Thursday, April 30, 2015

Let's Have a Sea Power Debate

Instead of having a carrier debate, can we have a sea power debate?

Our defense budget is in question. We can't spend without regard to harming the economy and fiscal strength that is the base of our economic power. Deficit spending and debt matter. So we have to spend money more wisely rather than count on surges in defense spending. Should aircraft carriers give way to other vessels?

The budget will have serious consequences for the size of the fleet and its ability to maintain combat readiness, which in turn will have consequences for U.S. strategy. If the Navy wants to address its budget crisis, its falling ship count, its atrophying strategic position, and the problem of its now-marginal combat effectiveness — and reassert its traditional dominance of the seas — it should embrace technological innovation and increase its efficiency.

In short: It needs to stop building aircraft carriers.

It does seem as if carriers are risky and expensive ships to be the core of our fleet given new technology:

Rapid growth in the capability and quality of guided missiles — mostly Chinese in origin — is causing the U.S. Navy to rethink the number of surface ships it needs to effectively fight a high-end war.

Early estimates based ongoing war games could mean the current number of 88 large surface combatants — the Navy’s fleet of guided missile destroyers and cruisers — needs to grow to more than a hundred into the 2020s just to keep to today’s current level of risk, USNI News has learned.

However, increasing a fleet of multi-billion dollar ships by almost 25 percent is highly unlikely given declining U.S. military budgets current funding restrictions and the wind-down from the conflicts in Iraq and Afghanistan.

As we have this carrier debate, we have to remember that the opposing sides generally argue past each other, with carrier defenders pointing to the power projection mission--air strikes against land powers without much naval or air power to threaten them (or humanitarian missions); while carrier critics point to the problem of sea control missions--defeating other navies and air power to deny them use and guarantee our use of the seas--in the face of those guided missiles and the growing ability to aim them properly at identified targets.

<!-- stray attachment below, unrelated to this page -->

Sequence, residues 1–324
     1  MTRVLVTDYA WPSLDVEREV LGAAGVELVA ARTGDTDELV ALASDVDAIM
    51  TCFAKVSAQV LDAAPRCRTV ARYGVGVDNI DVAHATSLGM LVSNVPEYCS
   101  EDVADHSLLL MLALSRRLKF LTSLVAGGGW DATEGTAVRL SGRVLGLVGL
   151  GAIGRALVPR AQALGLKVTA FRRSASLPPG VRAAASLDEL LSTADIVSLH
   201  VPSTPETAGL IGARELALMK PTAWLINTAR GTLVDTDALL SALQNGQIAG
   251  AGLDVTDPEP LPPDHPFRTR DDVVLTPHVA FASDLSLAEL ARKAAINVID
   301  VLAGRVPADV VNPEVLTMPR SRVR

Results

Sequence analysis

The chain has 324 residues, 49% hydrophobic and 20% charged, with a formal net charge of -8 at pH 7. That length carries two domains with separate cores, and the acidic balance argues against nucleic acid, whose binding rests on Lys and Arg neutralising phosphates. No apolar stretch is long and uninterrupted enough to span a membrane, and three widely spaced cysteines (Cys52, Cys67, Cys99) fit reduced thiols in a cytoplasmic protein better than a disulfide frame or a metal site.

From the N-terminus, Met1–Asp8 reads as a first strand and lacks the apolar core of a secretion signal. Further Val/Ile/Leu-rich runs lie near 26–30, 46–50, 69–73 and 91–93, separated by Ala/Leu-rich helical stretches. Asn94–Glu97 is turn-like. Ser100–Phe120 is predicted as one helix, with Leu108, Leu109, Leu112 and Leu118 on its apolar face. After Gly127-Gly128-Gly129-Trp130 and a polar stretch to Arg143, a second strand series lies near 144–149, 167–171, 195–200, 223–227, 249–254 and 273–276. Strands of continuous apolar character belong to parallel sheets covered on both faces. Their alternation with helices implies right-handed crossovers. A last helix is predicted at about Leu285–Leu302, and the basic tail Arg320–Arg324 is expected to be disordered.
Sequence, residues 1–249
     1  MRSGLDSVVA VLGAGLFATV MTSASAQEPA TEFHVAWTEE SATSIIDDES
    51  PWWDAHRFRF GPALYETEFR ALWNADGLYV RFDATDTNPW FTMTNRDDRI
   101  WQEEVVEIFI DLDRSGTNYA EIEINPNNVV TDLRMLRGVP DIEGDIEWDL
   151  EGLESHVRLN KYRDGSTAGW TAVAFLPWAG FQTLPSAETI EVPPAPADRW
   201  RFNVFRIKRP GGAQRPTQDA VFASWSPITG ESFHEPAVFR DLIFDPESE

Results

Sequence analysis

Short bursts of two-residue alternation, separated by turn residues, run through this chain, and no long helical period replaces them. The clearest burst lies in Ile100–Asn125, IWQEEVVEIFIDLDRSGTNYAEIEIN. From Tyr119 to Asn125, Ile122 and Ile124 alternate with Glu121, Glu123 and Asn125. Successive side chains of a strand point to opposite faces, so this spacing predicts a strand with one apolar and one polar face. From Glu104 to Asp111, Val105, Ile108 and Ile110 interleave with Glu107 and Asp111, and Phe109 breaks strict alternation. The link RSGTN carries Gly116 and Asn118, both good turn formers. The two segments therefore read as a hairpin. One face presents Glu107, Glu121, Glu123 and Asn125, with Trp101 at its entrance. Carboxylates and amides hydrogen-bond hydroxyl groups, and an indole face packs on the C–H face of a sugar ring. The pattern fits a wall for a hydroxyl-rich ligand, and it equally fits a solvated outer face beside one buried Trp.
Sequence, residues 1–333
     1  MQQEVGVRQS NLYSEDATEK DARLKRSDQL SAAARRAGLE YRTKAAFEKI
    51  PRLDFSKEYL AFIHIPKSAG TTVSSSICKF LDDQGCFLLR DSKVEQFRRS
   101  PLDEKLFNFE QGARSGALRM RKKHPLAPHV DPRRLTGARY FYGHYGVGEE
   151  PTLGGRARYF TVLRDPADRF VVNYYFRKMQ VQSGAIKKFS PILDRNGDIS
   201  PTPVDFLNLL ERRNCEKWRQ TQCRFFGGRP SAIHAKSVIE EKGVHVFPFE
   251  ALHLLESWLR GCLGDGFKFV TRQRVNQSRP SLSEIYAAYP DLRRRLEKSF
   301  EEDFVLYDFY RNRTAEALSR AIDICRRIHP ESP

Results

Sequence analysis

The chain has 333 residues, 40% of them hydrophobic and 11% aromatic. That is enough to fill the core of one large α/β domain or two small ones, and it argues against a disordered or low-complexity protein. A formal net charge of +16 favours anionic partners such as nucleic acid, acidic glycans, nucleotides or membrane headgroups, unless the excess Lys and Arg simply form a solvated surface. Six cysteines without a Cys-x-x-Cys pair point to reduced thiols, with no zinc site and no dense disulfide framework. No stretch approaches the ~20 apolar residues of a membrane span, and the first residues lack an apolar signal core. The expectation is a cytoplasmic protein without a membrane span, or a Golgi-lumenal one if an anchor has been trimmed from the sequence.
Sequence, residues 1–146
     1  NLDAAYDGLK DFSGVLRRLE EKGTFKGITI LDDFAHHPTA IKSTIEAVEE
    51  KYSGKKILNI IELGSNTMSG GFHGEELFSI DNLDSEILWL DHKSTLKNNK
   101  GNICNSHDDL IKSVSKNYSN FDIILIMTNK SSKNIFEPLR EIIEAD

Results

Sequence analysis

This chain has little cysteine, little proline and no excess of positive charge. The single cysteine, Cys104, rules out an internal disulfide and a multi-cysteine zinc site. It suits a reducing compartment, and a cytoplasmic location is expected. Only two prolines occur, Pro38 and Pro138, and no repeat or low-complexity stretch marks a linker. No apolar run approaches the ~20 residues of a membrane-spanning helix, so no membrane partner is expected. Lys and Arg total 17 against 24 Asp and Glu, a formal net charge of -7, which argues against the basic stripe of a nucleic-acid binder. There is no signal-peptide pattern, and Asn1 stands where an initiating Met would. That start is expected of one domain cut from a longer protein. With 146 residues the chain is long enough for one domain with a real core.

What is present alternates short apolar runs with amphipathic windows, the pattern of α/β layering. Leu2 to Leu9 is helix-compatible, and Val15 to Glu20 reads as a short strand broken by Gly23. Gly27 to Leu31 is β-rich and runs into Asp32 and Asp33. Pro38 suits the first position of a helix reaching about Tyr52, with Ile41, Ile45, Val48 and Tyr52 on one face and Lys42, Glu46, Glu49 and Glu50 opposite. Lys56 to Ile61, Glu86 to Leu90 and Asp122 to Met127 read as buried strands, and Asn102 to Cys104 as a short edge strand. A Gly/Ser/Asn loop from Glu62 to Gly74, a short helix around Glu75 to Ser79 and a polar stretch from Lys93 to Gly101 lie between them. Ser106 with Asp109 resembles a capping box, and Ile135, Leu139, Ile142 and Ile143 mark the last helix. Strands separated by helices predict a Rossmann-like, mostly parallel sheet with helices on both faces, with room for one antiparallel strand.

I think we need means (ships and subs and aircraft) other than carriers for sea control while we need aircraft carriers for power projection.

So I think we need fewer large deck carriers and more network-centric vessels capable of focusing combat power from widely scattered and diverse assets.

It may be that we build fewer carriers to maintain a smaller force of power projection capability (and a supporting role for the sea control mission) and have some reserve carrier capability by building even larger amphibious warfare ships by building amphibious warfare-optimized Ford hulls with a backup aircraft carrier mission. (And I freely admit that I'm throwing that out without the expertise to evaluate the notion.)

Carriers are an asset to have sea power. We should want sea power, and allow the debate to honestly come to a conclusion to decide the fate of the assets to create that sea power.

UPDATE: More on the small American Cyclone class vessels that I mentioned reacted to Iran's seizure of a Marshall Islands ship in the Strait of Hormuz.

Because our Navy must travel so far to reach patrol waters, we can't really have many of these kind of ships. We need ships to be large enough to sail around the globe. The small vessels fill a niche need. In the Persian Gulf (or the South China Sea) that is an important niche, however.

Hopefully our Navy doesn't seriously still think the LCS (or the frigate replacement newer models will become) are appropriate for that threat environment, and buys more small vessels to replace the ships now all in the Persian Gulf and to have some for the western Pacific, too.